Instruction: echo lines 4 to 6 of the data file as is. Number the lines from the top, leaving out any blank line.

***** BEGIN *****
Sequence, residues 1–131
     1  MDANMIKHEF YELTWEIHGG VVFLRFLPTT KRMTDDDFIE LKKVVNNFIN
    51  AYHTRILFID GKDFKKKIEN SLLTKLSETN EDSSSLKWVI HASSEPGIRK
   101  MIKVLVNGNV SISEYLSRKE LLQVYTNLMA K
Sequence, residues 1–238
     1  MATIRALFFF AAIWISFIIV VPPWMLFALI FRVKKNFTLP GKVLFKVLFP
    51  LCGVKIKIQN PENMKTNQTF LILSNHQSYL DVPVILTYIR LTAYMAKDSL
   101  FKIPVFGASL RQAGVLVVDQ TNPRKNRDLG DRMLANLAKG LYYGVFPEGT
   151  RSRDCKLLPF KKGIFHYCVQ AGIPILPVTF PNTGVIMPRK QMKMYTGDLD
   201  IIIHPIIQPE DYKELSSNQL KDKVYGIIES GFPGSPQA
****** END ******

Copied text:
   101  MIKVLVNGNV SISEYLSRKE LLQVYTNLMA K
Sequence, residues 1–238
     1  MATIRALFFF AAIWISFIIV VPPWMLFALI FRVKKNFTLP GKVLFKVLFP